Trust is the emotional, often unconscious, response to external cues and internal scripting that depict the company’s commitment to its vision. Customer experiences are built on the type and intensity of the emotional experience arising from each interaction . This, in turn, affects attachment to the organization.
• Do your team members and customers endorse and trust in your company’s sustainability and stewardship initiatives?
• Can your company be trusted as a leader in protecting the environment?
• Do your customers appreciate and trust in the company’s stance on promoting the health and wellbeing of team members, their families and the community?
Team members readily acknowledge that they are in control of how they live their life. It is incumbent upon the organization to find ways to increase their self-care knowledge, skills and access to care, thereby increasing self-efficacy and the ability to care for themselves, their family and ultimately the community in which they live.
• Are team members confident in their ability to promote their own and their family’s health and safety?
• Are team members confident in their ability to promote sustainability and stewardship at work?
• Do team members feel they can consistently integrate sustainable business practices with exceptional customer experiences?
Recognizing and rewarding team members.
Leaders must consistently recognize and reward healthy, safe sustainable living and work practices. Team member engagement falls along a continuum from merely adhering to safety regulations to actively participating in health and wellness programs. Organizations that take the time to understand the drivers for involvement will be more successful in engaging team members in healthy, safe, sustainable practices. Conducting needs and interest assessments may help to determine effective work-base program delivery strategies.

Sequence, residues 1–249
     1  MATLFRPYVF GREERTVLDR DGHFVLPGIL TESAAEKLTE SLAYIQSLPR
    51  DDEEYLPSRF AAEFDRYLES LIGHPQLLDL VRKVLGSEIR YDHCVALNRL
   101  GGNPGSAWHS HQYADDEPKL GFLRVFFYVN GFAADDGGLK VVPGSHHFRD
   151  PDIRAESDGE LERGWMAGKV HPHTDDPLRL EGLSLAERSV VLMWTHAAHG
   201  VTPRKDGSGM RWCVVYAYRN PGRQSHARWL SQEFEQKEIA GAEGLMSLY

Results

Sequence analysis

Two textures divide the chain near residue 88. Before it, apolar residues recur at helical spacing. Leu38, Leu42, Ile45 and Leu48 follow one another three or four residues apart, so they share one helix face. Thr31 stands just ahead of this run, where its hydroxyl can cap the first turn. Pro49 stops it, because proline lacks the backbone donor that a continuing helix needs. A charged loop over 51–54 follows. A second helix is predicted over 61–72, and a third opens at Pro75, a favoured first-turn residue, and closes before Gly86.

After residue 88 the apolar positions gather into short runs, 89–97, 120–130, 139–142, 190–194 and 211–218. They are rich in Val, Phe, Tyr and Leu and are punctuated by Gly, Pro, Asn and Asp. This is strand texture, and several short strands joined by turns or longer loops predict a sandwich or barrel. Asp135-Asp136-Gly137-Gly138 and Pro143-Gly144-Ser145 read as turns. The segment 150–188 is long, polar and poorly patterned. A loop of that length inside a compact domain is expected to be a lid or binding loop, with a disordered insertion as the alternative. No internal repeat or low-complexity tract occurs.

• Does your company’s recognition philosophy link health and safety with sustainability and stewardship initiatives?
• Is site leadership committed to promoting healthy, sustainable living as an important investment in human capital?
• Does each site offer incentives for team members to stay healthy, reduce their high risk behavior, and/or practice healthy, safe, sustainable lifestyles?
• Is your company dedicated to rewarding team members who provide exceptional customer experiences?
Market differentiation is the direct result of superior team member and customer interactions, which result in enduring relationships and loyal customers. Companies have to manage the relationship between work environments, products/services and customers to go beyond satisfaction. Employee and customer experience correlates with loyalty measures. Improving the worker and customer experience produces a positive bottom line effect. Mere satisfaction often translates to low levels of loyalty. Work environments and products which meet or exceed utilitarian needs and fulfill prevention goals enhance satisfaction. Meeting or exceeding hedonic wants and fulfilling promotion goals enhances delight. Delighting customers improves loyalty as measured by word-of-mouth and repurchase intentions more than satisfaction . Customers place a higher priority to meeting utilitarian needs but once they are met, the principle of hedonic dominance motives customers to focus more on the continued fulfillment of promotional goals .
• Does your company have a reputation as a great place to work?